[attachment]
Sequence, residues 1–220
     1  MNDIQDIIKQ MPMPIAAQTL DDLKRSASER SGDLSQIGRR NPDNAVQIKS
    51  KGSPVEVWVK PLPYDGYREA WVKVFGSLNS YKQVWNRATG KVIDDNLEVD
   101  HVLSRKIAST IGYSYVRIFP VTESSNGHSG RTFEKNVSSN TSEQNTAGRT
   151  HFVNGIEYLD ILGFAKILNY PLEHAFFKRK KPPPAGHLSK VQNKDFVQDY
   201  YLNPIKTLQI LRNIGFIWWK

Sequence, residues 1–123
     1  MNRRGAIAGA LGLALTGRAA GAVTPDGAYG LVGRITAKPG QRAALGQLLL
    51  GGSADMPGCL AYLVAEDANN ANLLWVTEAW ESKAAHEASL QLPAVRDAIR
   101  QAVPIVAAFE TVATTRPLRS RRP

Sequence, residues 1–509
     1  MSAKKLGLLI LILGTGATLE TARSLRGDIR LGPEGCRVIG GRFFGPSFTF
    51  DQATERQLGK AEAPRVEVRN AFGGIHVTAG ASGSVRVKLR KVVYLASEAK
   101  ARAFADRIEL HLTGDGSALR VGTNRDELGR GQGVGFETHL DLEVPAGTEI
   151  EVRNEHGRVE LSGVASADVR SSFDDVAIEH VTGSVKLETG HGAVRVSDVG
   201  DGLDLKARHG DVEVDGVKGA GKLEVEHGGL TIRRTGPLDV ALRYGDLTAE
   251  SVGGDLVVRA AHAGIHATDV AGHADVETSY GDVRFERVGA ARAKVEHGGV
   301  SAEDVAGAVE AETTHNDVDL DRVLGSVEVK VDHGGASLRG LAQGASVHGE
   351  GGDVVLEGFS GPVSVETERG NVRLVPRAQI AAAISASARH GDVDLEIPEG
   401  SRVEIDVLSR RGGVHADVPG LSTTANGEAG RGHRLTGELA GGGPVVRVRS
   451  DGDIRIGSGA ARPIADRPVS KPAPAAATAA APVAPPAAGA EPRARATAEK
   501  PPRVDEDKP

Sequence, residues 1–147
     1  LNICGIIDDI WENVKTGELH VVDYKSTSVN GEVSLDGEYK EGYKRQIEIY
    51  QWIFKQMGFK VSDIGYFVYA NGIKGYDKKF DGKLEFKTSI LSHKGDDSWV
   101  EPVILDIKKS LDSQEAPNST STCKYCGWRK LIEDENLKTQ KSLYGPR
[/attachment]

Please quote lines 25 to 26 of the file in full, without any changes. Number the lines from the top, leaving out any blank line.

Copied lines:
    51  QWIFKQMGFK VSDIGYFVYA NGIKGYDKKF DGKLEFKTSI LSHKGDDSWV
   101  EPVILDIKKS LDSQEAPNST STCKYCGWRK LIEDENLKTQ KSLYGPR